Combustion turbine plants are relatively inexpensive to build and TVA can ramp them up to full power quickly, but they are inefficient. That means the incremental cost of operation - the cost of turning them on when you and your neighbors turn on your lights every evening - is high.

TVA owns 83 combustion turbine plants, but aims to leave them offline 95 percent of the time. "They are for the peak of the peak," said TVA Vice President of Transmission and Reliability Bob Dalrymple. Combined cycle plants use natural gas more efficiently than combustion turbines. They are expensive to build, though.

Calpine's Decatur Energy Center is a combined cycle plant. Pursuant to a contract with TVA, it stands ready to deliver power to its sole customer on demand. J.D. Sellers, head of Decatur Energy Center, explains that for the limited role that his plant plays in TVA's portfolio, the expense is worth it.

"Within minutes, I can have (electricity) for them. All I've got to do is light off the turbine, warm it up a few minutes, and it's ready to go online," Sellers said. "I'm standing by for them 24 hours a day."

The impact of dropping rainfall over the last few years, and the resultant drop in river flow, is that at times of peak demand TVA must substitute its cheapest power - hydroelectric - with its most expensive, natural gas-turbine power. "When hydro is down," said Dalrymple, "you're generally going to replace it with a natural gas-fueled asset."

Your light bulb is as bright no matter the power source, but the cost to TVA - and eventually to you as a ratepayer - varies dramatically.

The cost (ignoring capital costs like plant construction) to TVA of its various power sources, calculated by megawatt hour, covers a wide range.

- Natural gas combustion turbine: $100.

- Natural gas combined cycle: $65.

- Coal: $43.

- Nuclear: Below $35.

- Hydro: Lower yet.

Even as TVA has had to replace cheap hydro with expensive natural gas to handle peak demand, it has had to deal with ever-increasing peak demand in the Tennessee Valley. Peak demand is increasing at about 2 percent a year, with non-peak demand increasing almost as much. "One nuclear unit can offset about two years of power demand growth," explained TVA spokesman Brooks Clark, referring to non-peak demand.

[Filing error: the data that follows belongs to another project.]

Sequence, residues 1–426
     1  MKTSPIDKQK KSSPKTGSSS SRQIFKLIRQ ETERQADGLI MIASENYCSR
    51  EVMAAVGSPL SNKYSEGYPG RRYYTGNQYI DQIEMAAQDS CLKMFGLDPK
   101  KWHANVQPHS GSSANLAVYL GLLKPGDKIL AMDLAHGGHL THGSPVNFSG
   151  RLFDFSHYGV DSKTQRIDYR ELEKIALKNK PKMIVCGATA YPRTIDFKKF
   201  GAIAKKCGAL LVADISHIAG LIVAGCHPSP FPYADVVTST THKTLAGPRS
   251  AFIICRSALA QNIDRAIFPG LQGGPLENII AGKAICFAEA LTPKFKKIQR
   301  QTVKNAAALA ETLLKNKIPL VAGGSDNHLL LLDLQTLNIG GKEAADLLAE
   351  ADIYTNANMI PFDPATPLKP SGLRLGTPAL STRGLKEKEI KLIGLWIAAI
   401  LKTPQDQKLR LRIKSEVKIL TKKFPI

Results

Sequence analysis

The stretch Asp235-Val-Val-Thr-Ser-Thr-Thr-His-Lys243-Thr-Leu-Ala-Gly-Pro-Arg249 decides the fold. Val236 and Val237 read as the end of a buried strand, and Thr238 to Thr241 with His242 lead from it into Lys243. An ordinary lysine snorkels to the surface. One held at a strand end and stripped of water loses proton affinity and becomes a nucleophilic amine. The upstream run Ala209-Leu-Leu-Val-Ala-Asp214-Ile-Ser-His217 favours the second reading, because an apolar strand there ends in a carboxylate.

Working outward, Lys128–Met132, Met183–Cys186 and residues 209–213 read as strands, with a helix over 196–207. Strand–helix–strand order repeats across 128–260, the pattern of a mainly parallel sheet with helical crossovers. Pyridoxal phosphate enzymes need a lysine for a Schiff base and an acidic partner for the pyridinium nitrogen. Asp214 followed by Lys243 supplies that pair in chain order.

Another complication for TVA is inherent in its heavy reliance on nuclear power for its base (non-peak) load. Every time a nuclear plant shuts down - and Browns Ferry Unit 1 has been doing that a lot since its start-up in March - TVA has to scurry to eplace the power, and it has to do so immediately.

As in peak demand situations, TVA needs a power source with a quick ramp-up. In many cases federal regulations require that it be able to replace the power within 15 minutes. Where do you go when Unit 1 drops from generating more than 1,000 megawatts of power to none in a few seconds? Cheap hydroelectric if you have it.

Expensive natural gas if you don't. With King Hydro ailing and demand increasing, natural gas has to suffice when TVA needs quick power. Replacing the cheapest power source in TVA's portfolio with the most expensive increases rates. So if you drive by the river on the way home and see the river is low, do us all a favor. Don't turn on the lights.